AM radio, the senior broadcast band, no longer has the luxury of time to correct its problems, if those problems can be corrected at all.
This week there’s an assembly of “radio people” in Atlanta. The annual NAB/RAB Fall Radio Show, where station owners get to have free drinks on the vendors gathered trying to sell them something, engineers get to see the latest cool new gadgets and the National Association of Broadcasters (NAB), the Washington, D.C. lobbying arm of broadcasters, can get some press about all the great things the industry is doing. All well and good.
It’s now been two years since a Federal Communication Commission (FCC) chairwoman got the crowd at the 2013 Fall Radio Show cheering about what the FCC was going to do to save AM radio. What’s been done? Predictably, NOTHING.
While I disagreed with many of the ideas the FCC was proposing back then, you should be more outraged at their inaction. Even with our current “do-nothing” and “retire with a big pension representative government,” there is no excuse for the harm the FCC is now causing AM radio.
Two years is an eternity in today’s ever changing technological world.
Here’s something you may not realize. The iPhone, the device that changed the way you communicate, document your life with pictures and keeps you entertained and connected through social media apps was introduced in 2007, just 8 years ago. Technology changes fast and waits for no one, especially the FCC and broadcasters with little focus or desire to save a technology created over a century ago. History shows “amplitude modulation” was not originally thought of for voice or music. It was meant to transmit morse code, where fidelity didn’t matter and today’s data may be its future.
The problems with today’s AM radio weren’t created overnight. Its demise started decades ago when the FCC allowed more and more stations, full-time and daytime, high and low power, non-directional and directional to be crammed onto the dial. Today, additional interference from modern lighting, computers, smartphones and other things, creates an interference filled AM broadcast band. If listeners want the “limited programming” available on AM, like conservative talk shows, sports, religion and brokered programming, they can find a better and more convenient way to hear it, like streaming over an iPhone.
AM’s problems are interference and limited programming choice, the core issues facing AM radio today.
So what can be done about interference? In 2013, the FCC issued a “Notice of Proposed Rule Making” (NPRM). Pretty much everything it proposed then, which they have done nothing to advance since, will take a lot of time, something AM radio no longer has.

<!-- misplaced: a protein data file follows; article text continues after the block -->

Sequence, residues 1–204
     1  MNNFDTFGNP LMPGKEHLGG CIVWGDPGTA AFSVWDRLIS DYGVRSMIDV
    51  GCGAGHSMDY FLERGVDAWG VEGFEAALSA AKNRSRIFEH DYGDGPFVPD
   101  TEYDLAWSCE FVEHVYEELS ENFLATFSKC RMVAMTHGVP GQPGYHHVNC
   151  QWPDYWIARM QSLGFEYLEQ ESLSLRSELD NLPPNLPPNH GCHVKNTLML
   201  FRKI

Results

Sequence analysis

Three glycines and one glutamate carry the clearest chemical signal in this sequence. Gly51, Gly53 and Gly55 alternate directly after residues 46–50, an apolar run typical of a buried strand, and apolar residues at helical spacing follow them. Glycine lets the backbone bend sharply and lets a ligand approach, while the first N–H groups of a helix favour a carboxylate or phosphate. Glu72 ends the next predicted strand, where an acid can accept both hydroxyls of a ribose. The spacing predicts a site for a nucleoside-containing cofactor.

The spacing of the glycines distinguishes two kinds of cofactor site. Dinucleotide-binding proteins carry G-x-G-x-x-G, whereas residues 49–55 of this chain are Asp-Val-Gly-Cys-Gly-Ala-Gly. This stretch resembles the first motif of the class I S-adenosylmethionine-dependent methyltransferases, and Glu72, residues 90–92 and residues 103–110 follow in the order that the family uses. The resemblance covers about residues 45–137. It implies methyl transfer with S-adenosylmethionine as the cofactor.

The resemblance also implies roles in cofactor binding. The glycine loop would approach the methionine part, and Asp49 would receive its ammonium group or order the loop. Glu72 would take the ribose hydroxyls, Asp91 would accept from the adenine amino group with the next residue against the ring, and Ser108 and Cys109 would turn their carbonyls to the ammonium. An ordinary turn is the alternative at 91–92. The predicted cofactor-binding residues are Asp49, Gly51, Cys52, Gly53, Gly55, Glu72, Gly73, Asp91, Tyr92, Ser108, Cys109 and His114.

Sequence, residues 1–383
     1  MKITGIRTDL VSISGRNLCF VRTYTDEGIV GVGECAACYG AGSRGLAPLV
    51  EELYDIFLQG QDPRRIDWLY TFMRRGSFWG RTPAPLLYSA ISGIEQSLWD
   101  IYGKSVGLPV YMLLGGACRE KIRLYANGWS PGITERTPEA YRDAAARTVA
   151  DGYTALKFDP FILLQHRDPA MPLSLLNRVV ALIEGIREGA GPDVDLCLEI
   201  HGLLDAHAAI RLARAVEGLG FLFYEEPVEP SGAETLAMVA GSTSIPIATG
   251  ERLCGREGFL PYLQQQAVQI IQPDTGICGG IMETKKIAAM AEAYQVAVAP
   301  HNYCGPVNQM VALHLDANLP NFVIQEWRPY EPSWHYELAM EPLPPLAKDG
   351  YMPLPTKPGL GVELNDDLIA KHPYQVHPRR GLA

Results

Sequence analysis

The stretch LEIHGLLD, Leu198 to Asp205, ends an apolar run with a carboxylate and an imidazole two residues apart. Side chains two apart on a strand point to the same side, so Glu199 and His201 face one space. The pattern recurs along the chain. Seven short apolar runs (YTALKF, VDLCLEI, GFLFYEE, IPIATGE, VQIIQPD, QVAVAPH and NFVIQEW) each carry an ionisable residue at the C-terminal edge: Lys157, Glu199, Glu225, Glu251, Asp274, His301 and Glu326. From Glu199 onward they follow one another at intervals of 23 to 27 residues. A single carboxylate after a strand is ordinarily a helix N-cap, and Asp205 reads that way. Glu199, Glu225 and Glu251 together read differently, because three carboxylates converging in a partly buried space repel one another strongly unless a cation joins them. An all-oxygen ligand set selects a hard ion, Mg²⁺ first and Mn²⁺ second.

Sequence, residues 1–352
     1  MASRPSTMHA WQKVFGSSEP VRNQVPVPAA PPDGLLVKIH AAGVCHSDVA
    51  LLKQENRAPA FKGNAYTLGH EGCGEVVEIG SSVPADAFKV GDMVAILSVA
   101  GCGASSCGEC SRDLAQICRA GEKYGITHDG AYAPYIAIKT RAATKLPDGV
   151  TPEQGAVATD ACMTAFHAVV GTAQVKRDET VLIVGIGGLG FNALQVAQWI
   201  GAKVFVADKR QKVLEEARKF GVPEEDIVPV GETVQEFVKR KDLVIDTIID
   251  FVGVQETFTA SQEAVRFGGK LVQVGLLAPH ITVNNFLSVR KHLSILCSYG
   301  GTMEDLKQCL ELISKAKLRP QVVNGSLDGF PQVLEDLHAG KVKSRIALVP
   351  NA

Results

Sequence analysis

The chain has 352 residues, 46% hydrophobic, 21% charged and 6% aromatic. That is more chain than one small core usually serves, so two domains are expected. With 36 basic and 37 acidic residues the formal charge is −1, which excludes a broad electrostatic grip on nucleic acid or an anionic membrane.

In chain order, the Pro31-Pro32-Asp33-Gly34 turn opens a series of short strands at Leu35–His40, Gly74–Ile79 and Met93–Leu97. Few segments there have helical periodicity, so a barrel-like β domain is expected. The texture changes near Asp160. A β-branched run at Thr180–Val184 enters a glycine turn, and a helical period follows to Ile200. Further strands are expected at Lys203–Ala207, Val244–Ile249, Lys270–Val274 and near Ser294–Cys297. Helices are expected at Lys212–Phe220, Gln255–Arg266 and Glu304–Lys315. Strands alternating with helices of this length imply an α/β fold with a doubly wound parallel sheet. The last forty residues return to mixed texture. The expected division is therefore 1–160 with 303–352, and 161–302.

The FCC’s proposed 2013 fixes were:
- Modifying AM antenna standards
- Wider implementation of modulation dependent carrier level control technologies
- Eliminating the “ratchet rule”
- Modifying daytime and nighttime coverage standards for existing AM stations
Most, if not all of the above, will cause more interference and/or signal distortion on the AM band.
The final proposed fix was allowing AM licensees an exclusive filing window for FM translators, which I previously said won’t help AM radio “because the translators are on FM.” All joking aside, allowing more stations to be jammed onto the FM band is nothing more than the “AM-ization” of FM and will cause more interference and decreased signal coverage for existing FM stations. Revitalizing the AM band by allowing licensees a low powered FM translator frequency is not “revitalization.” It’s a white flag surrender with the FCC and broadcast industry giving up on the AM radio.
And could that be the ultimate goal? Freeing up the valuable AM spectrum space to be auctioned off for other uses, like wireless data?
Current FCC Chairman Thomas Wheeler, a former lobbyist for the cable and wireless industry, has come out saying the FCC would finally move forward with AM revitalization, but without the AM-only filing window for FM translators because he doesn’t think there are enough translator frequencies for the AM licensees wanting one. Plus, it may not be fair for AM station owners to have an exclusive filing window, excluding others groups who may also want an FM translator frequency. And there are others in the FCC that have said there may already be too many FM translator stations. Ya think?
AM has precious little time left. The FCC must move on the things it can control and fix quickly. Number one on the agenda must be cleaning up the interference on the AM band caused by too many stations and that starts with taking back the licenses of hundreds of low powered stations, leaving the band to higher powered and viable AM stations. The surviving AM stations could then increase power and adjust patterns allowing for expanded coverage over the entire areas they are licensed to serve.
I’m guessing, however, I’ll be writing another article in 2017 saying the FCC has still done little, if anything, to save AM radio.
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